Cheryl Griffin featured

Inspirational Woman: Cheryl Griffin | Author & Creator, AlphaBetty NFT Project

Cheryl GriffinCheryl Griffin is a self-published author of two children’s books and the creator of the first family focused NFT project.

In 2019, Cheryl released her first book, ‘The Seagull Finds His Talent.’ In 2021, she released her second book ‘AlphaBetty Doodles’ which aims to help 3-6 year olds learn the alphabet in a colourful style. Cheryl created the illustration in her second book herself which has gone on to become the first NFT project aimed at young people and first timers on the blockchain.

Tell us a bit about yourself, background, and your current role

When people asked me what I wanted to be when I grew up, I always said I wanted to be an author. However, I think it can be easy to lose track of those dreams when you get into the real world. When I started a family, I opted for more stability and chose a permanent role in banking.

I’m now working for the NHS but that creative passion for writing has stayed with me and it’s what led me to self-publish two children’s books for early learners – ‘The Seagull Finds His Talent’ and ‘AlphaBetty Doodles’. 

I grew up reading ‘Miffy’ books and drew on that inspiration with my AlphaBetty Doodles character, who I believe can be a big name up there with the likes of Miffy and Hello Kitty, especially after the AlphaBetty character has become the first family focused NFT project.

I quickly realised I’d hit on a niche in the market that appealed to first time buyers who were nervous about stepping into NFTs. Parents can use AlphaBetty to teach their children some of the basic principles of NFT as well as buy them a physical book to read.

The aim was to create an NFT collection that could help to increase the profile of the AlphaBetty brand and raise money for educational charities in the process.

After launching the NFT project, the collection quickly sold out and there are now over 3,500 owners of Betties, including some famous celebrities and influencers; the community have all been incredibly supportive and believe in the vision. But, more importantly it’s enabled me to donate money to charities very close to my heart.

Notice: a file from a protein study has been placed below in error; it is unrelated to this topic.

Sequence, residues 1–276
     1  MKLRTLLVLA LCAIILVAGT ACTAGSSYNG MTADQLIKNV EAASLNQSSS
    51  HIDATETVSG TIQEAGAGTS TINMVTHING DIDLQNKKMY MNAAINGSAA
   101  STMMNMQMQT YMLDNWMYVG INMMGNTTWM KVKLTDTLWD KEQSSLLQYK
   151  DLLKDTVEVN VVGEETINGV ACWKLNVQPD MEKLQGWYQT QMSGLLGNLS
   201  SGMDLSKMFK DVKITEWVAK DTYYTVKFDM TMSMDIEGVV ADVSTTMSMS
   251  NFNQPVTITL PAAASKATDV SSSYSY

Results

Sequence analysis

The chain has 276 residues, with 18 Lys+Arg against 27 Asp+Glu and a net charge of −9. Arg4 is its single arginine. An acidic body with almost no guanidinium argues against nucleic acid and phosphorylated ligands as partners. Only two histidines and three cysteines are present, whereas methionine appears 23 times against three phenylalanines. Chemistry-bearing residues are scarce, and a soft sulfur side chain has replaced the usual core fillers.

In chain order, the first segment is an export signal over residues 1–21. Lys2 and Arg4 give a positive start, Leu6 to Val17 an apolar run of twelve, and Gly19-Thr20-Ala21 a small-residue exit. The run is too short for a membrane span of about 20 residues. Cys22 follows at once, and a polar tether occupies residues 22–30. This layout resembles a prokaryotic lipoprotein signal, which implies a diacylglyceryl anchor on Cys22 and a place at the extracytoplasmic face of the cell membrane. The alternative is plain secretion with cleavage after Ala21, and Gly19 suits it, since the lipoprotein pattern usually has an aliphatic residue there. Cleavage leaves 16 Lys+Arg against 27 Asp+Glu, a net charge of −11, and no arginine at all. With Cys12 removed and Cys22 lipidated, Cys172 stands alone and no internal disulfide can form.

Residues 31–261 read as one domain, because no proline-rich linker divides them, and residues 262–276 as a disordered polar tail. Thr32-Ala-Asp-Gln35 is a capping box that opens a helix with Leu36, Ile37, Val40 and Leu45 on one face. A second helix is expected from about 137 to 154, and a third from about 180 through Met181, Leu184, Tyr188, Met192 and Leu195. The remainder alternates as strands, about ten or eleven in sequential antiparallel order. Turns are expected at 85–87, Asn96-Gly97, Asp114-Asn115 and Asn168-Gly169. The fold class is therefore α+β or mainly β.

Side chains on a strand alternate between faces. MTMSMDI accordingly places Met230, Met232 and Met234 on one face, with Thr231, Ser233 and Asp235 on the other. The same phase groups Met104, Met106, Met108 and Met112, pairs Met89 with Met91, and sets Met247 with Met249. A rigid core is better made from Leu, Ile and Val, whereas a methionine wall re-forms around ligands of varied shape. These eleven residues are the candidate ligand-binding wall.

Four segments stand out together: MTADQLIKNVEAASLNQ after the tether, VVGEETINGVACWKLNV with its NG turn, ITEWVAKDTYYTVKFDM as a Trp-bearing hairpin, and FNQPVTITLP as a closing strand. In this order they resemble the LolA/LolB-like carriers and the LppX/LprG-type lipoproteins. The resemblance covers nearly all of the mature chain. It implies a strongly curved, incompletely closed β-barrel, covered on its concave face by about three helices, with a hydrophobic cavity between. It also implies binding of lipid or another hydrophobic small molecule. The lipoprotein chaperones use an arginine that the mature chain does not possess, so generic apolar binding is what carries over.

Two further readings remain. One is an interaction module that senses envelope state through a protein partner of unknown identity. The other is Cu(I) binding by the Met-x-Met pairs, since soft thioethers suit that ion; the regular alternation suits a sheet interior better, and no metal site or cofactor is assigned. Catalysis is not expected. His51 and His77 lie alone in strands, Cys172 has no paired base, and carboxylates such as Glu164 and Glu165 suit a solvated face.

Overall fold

Did you ever sit down and plan your career?

Well, I’ve always been creatively driven. I’ve had the idea for both books in my head for over 10 years ever since I used to tell the story of the seagull to my children. So, the plan was always there and I believe my commitment to making it happen shows a positive message for my children – it’s something for them to aspire to.

It has only been recently, with lockdowns and a little more time on my hands with my children being older, that I decided to make my dream of becoming an author a reality.

Have you faced any career challenges along the way and how did you overcome these? 

I found getting published and marketing my work the biggest challenges. I decided to go down the self-publishing route and received positive feedback from this but of course that can be challenging and requires a lot of time.

It’s still a goal to get the book professionally published so it can fulfil the mainstream potential and I hope that introducing AlphaBetty Doodles into the NFT market will help me reach that wider audience.

What has been your biggest career achievement to date?

Making such big donations to charity – in a short space of time the AlphaBetty NFT project has raised over £100,000 for educational charities such as Donor’s Choice and Gamers Outreach, a charity that makes video games available and easy to manage in hospitals. We also donated to my children’s old primary school, which is close to my heart, so that has definitely been a highlight.  This was only made possible by selling out the 10k AlphaBetty collection and there’s much more to come.